Muslim Women Don’t Need Saving

In “Men Explain Things to Me”, Rebecca Solnit writes: “Every woman who appears wrestles with the forces that would have her disappear. She struggles with the forces that would tell her story for her, or write her out of the story…(T)he ability to tell your own story, in words or images, is already a victory, already a revolt.” A declaration meant to illuminate the struggle of women at large, this statement also resonates in a very particular way for many Muslim women. We too are the nameless victims in a saviour story whereby the saviour – a hero or heroine – is more important and consequential than the supposed victim. Muslim women are made to be caricatures shaped and molded to fit an image already constructed. Other times, we are simply reduced to academic subjects examined within a theory designed to justify conclusions already reached about Islam and the lived experiences of Muslim women everywhere. Rarely, if ever, are we considered as living breathing beings, with real voices of our own. Voices that are often raised but completely ignored, let alone listened to. To be the understudy of your own story, to be relegated to the wings of life’s stage while others say your lines for you, is the reality of many Muslim women out there, including myself. Time and tired time again, we have seen how the claim of standing up for Muslim women has served as a pretext for singling out Islam and Muslim men for misogynistic domination and control of their own. This has been the case in the ongoing furor over providing space for Muslim students to pray (in which girls and boys are separated) at many schools across Southern Ontario, and in the previous Conservative federal government’s efforts to prohibit niqab-wearing women from becoming Canadian citizens. Nearly two years ago, Prime Minister Justin Trudeau was on the receiving end of some rather harsh criticisms for attending an Ottawa mosque on Eid Al-Adha, whereby men and women pray in separate areas (but are mixed during other events). This makes for a good example in a string of fabricated controversies seen in this country. To condemn Trudeau’s visit to the mosque as a betrayal of “feminism” and collusion with patriarchy is hypocritical at best. Never mind that some of Canada’s most elite educational institutions also practice the apparently cardinal sin of gender separation, in the form of single-sex schools. And never mind that former prime minister Stephen Harper also visited religious spaces whereby gender segregation is the norm, including the Western Wall in Jerusalem in 2014.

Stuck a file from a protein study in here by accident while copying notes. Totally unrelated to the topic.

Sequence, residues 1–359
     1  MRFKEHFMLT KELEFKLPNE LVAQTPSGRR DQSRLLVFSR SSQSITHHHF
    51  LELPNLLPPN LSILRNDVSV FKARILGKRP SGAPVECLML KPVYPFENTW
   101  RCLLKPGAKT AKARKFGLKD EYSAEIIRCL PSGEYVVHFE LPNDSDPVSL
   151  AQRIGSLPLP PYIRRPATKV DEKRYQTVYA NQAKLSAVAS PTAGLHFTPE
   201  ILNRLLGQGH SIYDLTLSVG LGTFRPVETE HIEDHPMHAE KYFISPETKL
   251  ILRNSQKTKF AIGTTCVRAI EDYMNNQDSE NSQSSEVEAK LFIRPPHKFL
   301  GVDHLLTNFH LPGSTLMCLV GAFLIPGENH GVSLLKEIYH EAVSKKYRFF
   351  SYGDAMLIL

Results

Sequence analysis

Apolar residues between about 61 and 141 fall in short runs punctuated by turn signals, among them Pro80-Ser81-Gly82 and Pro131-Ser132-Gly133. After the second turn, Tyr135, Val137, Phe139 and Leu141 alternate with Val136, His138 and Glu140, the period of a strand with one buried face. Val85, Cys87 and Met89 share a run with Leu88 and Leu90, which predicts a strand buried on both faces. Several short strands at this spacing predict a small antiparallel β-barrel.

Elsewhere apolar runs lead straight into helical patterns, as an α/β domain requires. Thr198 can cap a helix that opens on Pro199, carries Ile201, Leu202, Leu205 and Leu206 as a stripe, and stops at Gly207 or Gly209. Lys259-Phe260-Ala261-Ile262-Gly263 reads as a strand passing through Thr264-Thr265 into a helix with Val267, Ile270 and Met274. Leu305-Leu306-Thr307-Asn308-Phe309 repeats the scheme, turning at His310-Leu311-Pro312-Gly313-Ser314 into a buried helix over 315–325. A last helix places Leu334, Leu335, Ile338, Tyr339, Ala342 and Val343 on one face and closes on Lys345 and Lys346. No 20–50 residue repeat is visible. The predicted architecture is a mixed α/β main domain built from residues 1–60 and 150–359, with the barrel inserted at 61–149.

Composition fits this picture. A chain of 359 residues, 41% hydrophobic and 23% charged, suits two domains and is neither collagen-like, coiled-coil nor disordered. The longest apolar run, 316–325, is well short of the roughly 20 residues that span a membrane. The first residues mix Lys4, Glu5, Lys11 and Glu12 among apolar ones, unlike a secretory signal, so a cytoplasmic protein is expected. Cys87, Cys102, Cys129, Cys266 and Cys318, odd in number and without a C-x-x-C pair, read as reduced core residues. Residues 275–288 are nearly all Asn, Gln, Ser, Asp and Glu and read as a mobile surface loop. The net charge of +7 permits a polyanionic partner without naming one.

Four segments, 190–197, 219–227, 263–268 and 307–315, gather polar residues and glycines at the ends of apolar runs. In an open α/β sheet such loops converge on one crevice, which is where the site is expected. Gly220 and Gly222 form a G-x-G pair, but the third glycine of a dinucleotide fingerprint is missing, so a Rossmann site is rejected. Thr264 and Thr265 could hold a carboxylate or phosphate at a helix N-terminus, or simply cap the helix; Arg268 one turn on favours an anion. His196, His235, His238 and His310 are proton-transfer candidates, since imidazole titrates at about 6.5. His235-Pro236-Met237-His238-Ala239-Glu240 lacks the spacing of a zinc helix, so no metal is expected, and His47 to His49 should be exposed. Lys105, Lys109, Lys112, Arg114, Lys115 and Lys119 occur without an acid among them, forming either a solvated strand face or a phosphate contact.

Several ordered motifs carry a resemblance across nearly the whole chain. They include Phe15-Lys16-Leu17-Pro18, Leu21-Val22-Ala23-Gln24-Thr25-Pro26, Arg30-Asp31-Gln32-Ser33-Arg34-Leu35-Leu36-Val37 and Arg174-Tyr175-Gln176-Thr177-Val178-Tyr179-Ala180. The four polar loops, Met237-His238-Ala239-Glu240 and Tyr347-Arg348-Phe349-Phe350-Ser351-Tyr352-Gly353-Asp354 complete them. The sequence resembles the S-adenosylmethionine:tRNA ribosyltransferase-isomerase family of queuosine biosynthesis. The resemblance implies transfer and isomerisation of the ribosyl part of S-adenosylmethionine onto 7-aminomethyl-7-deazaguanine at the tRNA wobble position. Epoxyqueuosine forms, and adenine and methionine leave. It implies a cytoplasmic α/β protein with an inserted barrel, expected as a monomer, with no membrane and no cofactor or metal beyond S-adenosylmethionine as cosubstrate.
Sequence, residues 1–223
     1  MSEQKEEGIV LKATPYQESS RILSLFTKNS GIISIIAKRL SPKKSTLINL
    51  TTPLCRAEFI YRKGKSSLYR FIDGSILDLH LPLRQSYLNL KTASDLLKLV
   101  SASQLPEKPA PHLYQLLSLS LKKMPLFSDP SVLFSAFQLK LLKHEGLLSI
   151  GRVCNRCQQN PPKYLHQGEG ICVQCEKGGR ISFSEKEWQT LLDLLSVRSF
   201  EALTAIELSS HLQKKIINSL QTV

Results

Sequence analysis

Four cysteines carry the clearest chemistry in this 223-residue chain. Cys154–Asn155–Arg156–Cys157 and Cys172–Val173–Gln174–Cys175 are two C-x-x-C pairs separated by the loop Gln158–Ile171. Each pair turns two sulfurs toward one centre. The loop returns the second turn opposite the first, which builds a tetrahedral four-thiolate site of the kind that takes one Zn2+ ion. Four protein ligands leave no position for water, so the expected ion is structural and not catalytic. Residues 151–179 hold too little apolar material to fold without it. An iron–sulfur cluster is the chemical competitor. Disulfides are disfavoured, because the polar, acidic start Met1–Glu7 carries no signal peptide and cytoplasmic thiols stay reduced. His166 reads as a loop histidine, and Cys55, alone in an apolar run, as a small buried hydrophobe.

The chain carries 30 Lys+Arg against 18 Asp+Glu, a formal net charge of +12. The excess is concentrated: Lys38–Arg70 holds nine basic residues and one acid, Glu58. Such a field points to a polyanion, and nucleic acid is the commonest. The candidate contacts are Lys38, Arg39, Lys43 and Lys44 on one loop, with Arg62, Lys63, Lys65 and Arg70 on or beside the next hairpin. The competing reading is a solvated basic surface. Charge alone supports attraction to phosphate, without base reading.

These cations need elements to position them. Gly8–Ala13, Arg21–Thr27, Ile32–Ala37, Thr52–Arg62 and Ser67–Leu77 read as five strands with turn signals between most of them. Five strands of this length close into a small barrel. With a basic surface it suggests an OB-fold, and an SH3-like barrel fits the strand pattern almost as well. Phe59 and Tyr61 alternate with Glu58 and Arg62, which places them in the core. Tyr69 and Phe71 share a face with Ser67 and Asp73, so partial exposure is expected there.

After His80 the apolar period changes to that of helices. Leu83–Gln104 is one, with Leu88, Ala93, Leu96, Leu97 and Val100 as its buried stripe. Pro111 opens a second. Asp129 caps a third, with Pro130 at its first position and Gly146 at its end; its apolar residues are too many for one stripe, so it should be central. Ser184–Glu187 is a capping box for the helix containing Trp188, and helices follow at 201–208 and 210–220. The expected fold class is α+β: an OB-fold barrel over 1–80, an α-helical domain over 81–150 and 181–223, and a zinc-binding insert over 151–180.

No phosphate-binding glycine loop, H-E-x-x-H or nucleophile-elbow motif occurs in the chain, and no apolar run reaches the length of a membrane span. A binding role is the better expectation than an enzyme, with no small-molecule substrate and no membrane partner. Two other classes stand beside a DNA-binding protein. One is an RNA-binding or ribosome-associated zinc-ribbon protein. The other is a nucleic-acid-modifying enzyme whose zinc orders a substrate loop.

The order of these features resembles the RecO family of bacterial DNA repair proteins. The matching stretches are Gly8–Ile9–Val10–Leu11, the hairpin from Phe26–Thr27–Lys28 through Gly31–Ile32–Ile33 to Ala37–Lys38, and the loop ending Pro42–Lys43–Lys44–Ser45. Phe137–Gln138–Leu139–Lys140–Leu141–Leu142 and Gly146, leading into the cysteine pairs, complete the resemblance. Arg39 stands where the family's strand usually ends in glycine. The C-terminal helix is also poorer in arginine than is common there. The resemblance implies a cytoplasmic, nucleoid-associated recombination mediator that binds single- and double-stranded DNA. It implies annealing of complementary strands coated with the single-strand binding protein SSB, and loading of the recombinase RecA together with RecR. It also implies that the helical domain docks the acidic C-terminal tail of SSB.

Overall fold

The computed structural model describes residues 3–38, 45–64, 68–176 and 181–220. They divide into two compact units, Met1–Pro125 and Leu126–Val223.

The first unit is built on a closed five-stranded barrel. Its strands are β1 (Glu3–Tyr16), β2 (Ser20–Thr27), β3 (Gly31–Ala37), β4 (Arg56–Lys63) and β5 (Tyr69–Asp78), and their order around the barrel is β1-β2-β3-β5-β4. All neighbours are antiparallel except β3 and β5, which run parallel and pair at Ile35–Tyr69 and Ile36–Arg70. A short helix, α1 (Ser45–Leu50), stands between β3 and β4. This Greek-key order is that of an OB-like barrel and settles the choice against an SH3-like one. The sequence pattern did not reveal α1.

It is high time that we begin to see through the pretense that these campaigns against Muslim “misogyny” have anything to do with the wellbeing of Muslim women. If they did, one would expect them to be more concerned with accuracy than with sensationalism – to the benefit of cultural hysteria in supporting the media’s propagandist, Islamophobic agenda, I might add. Now, let me make myself very clear. I am by no means interested in defending the misogynistic behaviour of some Muslim men – or any man for that matter. I personally believe that some Islamic traditions and practices are long overdue for reform. But that’s not the point. While undoubtedly an issue, it’s completely absurd – even outright racist and xenophobic – to accuse Muslim men of being the only beneficiaries of male privilege, and perpetrators of gendered violence. And what’s worse is that in effort to save face, it’s all being done under the guise of “saving” Muslim women from themselves. From my experience, Westerners seem to like the idea of a brown Muslim girl finding “liberation” and “freedom” through “Western” values. Mainstream media usually depicts Muslim women as docile victims forced to wear the “oppressive” hijab and obey the men in their lives. While I cannot deny that this is the experience of some, it is ridiculous to think that all Muslim women are subjugated and in need of rescue. In this debate on whether Muslim women need saving, the voices that are most often ignored are the ones that are most important – those of Muslim women. To even call it a debate is dishonest and unequivocally biased. The media does not care to focus on what Muslim women happen to think about wearing the hijab or even what Muslim women find empowering. The truth is many Muslim women are empowered by their faith – finding both strength and freedom from it. But the media – including the very people who consume and give into the problematic narratives that illustrate Muslim women as “submissive” and “oppressed” – are not concerned with understanding and acknowledging the very wants of Muslim women whatsoever. Even when Muslim women tirelessly argue that they are not oppressed by Islam, people like to believe otherwise. Some are even quick to dismiss their claims altogether by stating that these women are brainwashed and don’t know what’s best for them. A patronizing pity of sorts. So, it would be a fairly reasonable thing to expect them to pay more attention to the actual voices, experiences and perspectives of the women whose rights and interests are at stake. Rather than to completely ignore most – expect for the few – who supposedly represent Islam as the entire cause of Muslim women’s suffering. This is not solidarity with Muslim women, but racism thinly veiled in the language of “feminism.” While the demonization of Islam and Muslims as exclusively oppressive certainly advances the cause of racist stereotyping, it does little to benefit the women in whose interests these so-called champions for equality claim to speak. On the contrary, Muslim women bear a heavy part of the burden of violence and hatred generated by these stereotypes. In fact, according to Statistics Canada, from 2010 to 2013, hate crimes against Muslims in Canada has increased by a staggering 253%, with the highest percentage of hate crime victims being female (47 per cent). During the aftermath of 9/11 (and the decade ensuing), we have seen women wearing the hijab and niqab being physically attacked in cities across Canada and the United States. This has increasingly been the case, especially with our current political climate ruled by the Trumps, neo-Nazis, and fascists of the world. The critics who are so incensed by the subjugation of Muslim women tend to be conspicuously silent when the agents of violence are non-Muslims, motivated by the Islamophobic narratives that they have helped perpetuate. So much for a principled stand against gendered violence and inequality.